"The Wall," negotiation, compromise and the federal government shutdown
After Newt Gingrich and Donald Graham, former publisher of the Washington Post, wrote an op-ed ("Fund the Wall and save the Dreamers") suggesting the Democrats in the House accede to $5 billion in funding for a wall along the US-Mexican border in return for legislation legalizing "Dreamers", the Washington Post and others in the media have suggested this is a good idea.
I don't think so.
The Wall is really really odious. Trump really really wants it.
I will never read "The Art of the Deal," but it's obvious that when there is such asymmetricity, you ask for a lot more than one thing. One for one is hardly a good enough trade. The Democrats "have Trump over a barrel."
I'd demand a whole lot more:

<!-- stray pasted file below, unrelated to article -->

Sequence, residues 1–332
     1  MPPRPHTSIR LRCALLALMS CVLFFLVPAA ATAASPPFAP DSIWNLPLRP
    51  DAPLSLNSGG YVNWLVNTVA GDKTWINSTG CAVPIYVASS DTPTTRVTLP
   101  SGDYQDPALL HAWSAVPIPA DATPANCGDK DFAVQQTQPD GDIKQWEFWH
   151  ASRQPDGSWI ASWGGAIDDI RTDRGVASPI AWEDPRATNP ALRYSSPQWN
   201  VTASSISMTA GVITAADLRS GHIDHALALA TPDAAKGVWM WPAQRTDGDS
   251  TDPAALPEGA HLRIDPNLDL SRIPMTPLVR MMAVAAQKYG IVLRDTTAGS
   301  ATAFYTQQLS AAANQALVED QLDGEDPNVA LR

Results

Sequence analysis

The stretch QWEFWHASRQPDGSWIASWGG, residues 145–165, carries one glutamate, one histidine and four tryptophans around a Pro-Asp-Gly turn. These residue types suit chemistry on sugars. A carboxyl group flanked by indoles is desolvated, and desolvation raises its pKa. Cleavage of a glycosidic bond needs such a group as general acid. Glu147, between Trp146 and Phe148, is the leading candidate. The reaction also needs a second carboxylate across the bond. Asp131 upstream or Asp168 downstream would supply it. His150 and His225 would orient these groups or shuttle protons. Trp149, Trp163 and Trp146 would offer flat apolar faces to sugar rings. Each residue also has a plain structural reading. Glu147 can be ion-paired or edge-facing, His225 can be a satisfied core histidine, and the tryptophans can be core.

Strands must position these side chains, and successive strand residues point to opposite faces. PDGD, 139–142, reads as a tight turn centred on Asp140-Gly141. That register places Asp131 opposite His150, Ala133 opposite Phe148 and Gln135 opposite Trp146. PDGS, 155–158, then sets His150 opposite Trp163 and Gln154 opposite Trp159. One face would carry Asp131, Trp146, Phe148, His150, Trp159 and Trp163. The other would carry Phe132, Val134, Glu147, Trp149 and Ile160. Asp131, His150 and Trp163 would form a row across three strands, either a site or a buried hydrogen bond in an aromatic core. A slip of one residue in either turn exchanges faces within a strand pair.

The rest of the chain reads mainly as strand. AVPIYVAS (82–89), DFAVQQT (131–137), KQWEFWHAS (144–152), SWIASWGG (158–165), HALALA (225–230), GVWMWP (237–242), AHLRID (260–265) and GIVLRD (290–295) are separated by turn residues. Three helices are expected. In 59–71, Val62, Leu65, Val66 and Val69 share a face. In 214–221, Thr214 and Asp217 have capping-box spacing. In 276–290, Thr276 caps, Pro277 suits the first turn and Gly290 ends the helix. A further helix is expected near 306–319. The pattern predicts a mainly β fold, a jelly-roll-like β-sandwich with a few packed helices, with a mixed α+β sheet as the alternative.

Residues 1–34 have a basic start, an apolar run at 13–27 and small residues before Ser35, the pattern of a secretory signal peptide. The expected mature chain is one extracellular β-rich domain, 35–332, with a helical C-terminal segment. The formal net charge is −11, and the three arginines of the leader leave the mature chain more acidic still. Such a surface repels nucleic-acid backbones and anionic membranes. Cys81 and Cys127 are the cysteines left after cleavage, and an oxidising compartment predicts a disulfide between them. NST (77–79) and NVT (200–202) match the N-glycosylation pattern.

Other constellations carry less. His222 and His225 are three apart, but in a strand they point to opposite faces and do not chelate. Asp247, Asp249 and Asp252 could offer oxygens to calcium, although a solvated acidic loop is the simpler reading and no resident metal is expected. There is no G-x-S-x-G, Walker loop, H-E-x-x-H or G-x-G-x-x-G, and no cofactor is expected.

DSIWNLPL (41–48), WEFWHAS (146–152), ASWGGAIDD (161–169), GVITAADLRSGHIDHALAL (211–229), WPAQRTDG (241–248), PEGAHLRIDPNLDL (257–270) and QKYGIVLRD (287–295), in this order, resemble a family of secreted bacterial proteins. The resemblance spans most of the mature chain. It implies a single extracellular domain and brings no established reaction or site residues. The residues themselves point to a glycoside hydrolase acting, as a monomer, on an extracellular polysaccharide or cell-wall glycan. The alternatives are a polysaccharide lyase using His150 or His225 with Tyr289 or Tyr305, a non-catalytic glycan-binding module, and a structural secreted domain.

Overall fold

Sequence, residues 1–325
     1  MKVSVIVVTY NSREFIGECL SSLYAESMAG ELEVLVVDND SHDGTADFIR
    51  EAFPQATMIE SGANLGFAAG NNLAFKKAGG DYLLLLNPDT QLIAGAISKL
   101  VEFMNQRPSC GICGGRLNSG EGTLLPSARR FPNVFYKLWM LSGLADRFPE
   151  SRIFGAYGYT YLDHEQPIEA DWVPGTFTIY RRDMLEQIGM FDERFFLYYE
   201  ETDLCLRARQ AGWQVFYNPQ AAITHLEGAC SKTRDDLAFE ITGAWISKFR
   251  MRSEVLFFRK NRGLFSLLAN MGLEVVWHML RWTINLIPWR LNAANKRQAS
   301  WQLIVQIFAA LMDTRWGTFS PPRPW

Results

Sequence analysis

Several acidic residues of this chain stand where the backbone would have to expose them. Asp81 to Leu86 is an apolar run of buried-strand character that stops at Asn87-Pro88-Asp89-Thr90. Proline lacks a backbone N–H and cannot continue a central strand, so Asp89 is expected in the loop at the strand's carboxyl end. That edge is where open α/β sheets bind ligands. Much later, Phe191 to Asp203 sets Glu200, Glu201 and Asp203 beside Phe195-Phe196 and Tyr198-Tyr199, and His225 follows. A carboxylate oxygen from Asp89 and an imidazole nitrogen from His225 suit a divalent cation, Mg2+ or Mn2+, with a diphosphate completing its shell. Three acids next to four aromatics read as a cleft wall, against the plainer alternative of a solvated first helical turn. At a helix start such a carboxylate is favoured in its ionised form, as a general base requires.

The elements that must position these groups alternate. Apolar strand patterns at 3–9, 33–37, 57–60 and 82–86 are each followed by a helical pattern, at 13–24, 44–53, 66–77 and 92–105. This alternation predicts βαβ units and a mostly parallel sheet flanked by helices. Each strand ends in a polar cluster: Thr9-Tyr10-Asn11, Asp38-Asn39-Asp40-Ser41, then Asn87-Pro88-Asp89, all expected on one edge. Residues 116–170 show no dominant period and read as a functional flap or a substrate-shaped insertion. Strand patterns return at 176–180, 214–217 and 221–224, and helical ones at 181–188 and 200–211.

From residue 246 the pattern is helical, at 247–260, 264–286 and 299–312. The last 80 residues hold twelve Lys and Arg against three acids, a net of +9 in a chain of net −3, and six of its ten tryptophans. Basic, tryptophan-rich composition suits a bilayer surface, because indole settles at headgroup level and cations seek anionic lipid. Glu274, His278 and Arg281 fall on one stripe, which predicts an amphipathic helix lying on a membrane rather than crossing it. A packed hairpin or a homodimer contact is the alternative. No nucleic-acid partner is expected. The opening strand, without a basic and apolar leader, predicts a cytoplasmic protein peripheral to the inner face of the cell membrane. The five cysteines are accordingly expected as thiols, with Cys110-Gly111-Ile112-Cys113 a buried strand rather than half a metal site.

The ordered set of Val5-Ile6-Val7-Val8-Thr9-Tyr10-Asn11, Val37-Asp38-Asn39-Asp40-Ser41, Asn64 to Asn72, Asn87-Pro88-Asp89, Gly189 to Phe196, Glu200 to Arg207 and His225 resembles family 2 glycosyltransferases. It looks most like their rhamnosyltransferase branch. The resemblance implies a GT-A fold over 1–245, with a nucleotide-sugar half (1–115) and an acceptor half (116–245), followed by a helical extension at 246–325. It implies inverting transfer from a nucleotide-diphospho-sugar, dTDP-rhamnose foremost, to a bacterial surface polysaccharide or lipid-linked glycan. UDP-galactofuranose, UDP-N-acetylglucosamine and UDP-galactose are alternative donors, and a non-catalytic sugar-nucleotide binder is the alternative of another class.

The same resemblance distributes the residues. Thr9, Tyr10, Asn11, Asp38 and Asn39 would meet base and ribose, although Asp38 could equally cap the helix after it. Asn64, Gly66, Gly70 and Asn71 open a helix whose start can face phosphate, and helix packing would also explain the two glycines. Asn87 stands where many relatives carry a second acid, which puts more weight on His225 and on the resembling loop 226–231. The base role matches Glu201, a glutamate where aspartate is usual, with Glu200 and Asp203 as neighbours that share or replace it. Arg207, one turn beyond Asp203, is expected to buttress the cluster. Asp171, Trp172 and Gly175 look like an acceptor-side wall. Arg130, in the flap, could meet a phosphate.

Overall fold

- an increase in the federal gasoline excise tax
- ending plans to reduce requirements for motor vehicle fleet efficiency requirents
- stop the artificially induced delays for funding transit
- renewing and making permanent the Land and Water Conservation Fund
- ending plans to reduce environmental controls on coal plants
- funding promotion and sales of Obamacare
- putting in some kind of restrictions on stock buybacks
- eliminating the exemption for full taxation on "carried interest"
- releasing Trump tax returns
- dealing with Trump's emoluments problem
To get those things, which in the current situation are almost impossible, such as increasing the gas tax, which hasn't been increased in 25 years, it's worth wasting $5 billion on a terrible thing with limited return on investment.
From "11 Winning Negotiation Tactics From Donald Trump's 'The Art of the Deal'", Inc. Magazine:
1. Think big
"I like thinking big. I always have. To me it's very simple: if you're going to be thinking anyway, you might as well think big."
5. Use your leverage
"The worst thing you can possibly do in a deal is seem desperate to make it. That makes the other guy smell blood, and then you're dead."
Labels: federal government